File No. 14413.

The Acting Secretary of State to Minister Coolidge.

No. 114.]

Sir: I inclose herewith a copy of a note from the Chinese minister, in which he requests that the American minister to Nicaragua and the American consular officers in that country be instructed to continue their protection of Chinese subjects and their interests in Nicaragua.

Now that Nicaragua has been made a separate mission, it is proper to renew and confirm to you the instructions heretofore given to Minister Baker for the use of the good offices of the legation and of the American consuls in Nicaragua in behalf of Chinese subjects residing in Nicaragua in the absence of a Chinese representative in that quarter.

You will accordingly take under the protection of the legation at Managua Chinese subjects and their interests in Nicaragua in the way pointed out in instructions Nos. 470 and 535,1 dated, respectively, July 3, 1896, and February 6, 1897, to Minister Baker. Copies of those instructions are inclosed herewith. You will give the consuls in Nicaragua the appropriate instructions in the premises.

I am, etc.,

Robert Bacon.

The Chinese Minister to the Secretary of State.

No. 7.]

Sir: I have the honor to transmit to you the contents of a petition which I have recently received from my people who are residing at Bluefields and other cities of Nicaragua, Central America.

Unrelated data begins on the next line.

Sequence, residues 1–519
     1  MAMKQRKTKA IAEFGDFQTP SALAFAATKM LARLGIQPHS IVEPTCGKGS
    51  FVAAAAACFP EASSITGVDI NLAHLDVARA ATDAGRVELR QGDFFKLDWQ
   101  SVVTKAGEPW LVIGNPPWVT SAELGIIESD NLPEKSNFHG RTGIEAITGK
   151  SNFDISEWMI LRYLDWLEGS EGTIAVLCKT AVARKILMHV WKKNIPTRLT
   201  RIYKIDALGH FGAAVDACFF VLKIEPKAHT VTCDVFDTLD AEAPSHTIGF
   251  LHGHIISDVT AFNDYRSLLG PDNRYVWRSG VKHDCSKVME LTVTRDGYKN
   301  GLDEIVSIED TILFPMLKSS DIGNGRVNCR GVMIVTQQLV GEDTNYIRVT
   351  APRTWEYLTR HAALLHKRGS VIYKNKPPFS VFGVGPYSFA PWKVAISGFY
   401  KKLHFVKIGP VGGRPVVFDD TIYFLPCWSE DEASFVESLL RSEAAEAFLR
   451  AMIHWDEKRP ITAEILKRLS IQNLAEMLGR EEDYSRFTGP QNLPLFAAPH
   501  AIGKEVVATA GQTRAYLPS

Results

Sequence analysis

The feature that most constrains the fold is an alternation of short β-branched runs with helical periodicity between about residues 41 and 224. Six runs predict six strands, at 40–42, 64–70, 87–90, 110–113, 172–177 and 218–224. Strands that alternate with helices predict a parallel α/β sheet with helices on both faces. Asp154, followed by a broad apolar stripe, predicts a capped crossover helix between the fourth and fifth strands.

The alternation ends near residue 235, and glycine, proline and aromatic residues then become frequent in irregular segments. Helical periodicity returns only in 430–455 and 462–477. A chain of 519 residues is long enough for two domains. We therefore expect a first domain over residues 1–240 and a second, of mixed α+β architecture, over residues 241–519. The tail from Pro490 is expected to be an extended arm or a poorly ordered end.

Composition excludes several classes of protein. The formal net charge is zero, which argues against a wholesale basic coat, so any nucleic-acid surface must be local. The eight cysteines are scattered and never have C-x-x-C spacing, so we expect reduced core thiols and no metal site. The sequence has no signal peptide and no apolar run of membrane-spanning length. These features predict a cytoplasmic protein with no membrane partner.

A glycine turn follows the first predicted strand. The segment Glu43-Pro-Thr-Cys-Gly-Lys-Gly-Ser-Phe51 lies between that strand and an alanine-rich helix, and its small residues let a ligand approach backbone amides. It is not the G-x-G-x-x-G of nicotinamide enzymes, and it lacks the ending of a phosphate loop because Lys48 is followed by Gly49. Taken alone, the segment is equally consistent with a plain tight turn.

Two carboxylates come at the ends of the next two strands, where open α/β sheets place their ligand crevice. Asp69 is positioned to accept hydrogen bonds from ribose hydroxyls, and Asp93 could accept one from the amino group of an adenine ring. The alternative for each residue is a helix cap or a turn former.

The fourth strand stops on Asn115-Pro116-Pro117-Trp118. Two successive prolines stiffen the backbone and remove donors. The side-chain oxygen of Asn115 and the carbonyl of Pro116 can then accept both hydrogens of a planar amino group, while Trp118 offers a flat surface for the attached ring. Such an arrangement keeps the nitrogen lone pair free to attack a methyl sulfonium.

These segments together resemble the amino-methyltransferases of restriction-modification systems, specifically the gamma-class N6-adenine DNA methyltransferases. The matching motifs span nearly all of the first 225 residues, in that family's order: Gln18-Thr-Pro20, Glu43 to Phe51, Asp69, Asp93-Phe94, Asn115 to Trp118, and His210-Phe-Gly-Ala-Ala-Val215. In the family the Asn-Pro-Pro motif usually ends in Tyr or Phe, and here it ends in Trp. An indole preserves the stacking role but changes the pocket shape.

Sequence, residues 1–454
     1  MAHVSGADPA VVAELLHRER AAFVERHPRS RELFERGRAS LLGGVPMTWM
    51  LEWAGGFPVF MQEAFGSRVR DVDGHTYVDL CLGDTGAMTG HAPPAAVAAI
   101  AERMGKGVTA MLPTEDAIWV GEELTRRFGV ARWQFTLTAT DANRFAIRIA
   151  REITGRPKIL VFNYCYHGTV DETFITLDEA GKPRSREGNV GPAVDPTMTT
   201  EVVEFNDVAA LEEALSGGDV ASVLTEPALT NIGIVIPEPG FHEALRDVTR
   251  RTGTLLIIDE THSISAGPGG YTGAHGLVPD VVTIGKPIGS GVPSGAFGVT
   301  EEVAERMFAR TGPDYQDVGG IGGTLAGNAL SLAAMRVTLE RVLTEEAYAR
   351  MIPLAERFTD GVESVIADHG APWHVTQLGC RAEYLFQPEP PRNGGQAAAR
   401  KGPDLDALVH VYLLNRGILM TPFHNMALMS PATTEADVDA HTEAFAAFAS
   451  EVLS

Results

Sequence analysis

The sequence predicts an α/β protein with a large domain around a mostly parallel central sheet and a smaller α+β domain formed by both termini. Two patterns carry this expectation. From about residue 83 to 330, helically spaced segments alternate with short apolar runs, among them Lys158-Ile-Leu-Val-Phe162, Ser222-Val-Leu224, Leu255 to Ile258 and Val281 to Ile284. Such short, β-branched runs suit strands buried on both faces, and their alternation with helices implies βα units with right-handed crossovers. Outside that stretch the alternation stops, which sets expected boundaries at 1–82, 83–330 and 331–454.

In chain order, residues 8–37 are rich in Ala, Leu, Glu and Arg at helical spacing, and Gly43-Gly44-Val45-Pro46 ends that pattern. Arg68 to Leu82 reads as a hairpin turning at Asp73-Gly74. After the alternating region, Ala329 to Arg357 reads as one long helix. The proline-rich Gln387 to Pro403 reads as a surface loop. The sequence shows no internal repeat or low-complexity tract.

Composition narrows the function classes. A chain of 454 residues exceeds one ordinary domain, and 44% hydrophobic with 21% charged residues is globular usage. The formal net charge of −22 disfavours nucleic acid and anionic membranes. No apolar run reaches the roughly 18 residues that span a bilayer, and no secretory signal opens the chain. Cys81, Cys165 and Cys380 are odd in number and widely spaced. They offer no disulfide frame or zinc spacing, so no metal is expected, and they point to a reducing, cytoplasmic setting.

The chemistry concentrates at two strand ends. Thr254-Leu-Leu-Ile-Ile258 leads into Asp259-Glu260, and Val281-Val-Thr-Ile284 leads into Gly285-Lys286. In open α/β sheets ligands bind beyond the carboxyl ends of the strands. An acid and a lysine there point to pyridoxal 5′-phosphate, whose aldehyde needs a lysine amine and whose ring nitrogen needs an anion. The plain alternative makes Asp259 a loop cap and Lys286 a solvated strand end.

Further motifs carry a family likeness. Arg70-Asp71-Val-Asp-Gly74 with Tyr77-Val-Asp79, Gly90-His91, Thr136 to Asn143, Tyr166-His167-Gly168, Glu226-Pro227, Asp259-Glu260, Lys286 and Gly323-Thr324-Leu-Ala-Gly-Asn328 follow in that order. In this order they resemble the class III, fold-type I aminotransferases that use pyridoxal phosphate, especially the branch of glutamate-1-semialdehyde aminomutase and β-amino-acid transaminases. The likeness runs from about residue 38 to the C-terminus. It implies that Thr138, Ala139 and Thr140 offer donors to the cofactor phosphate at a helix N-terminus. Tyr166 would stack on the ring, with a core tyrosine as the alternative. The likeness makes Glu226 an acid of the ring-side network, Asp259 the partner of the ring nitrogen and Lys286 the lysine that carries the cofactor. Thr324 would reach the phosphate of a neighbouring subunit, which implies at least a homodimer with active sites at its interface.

It seems that ever since the year 1894 unfriendly legislation has been passed by the Government of Nicaragua against my people, at first only prohibiting the landing of new arrivals, and subsequently even refusing admission to merchants who had returned to the homeland on visits. A recent law demands the payment of $100 from every Chinese departing from the country and $500 on his reentrance. In several other ways the subjects of our Empire have been harassed and unfavorably treated.

At the request of my Government the interests of Chinese subjects residing in Nicaragua have been placed, by permission of your Government, under the protection of your diplomatic and consular representatives in that country, who [Page 662] have exerted good offices on their behalf, but with the lapse of time and the change of officers the relations between the representatives and my people have not been as intimate as they were before.

I shall deem it a favor, therefore, if you will issue instructions to your diplomatic and consular representatives to continue the friendly protection of the Chinese residents in Nicaragua which was so ably and thoroughly undertaken by their predecessors. Whatever steps they may take to remove the harsh legislation against my people and to ameliorate their conditions will be heartily appreciated by my Government.

Accept, etc.,

Wu Ting Fang.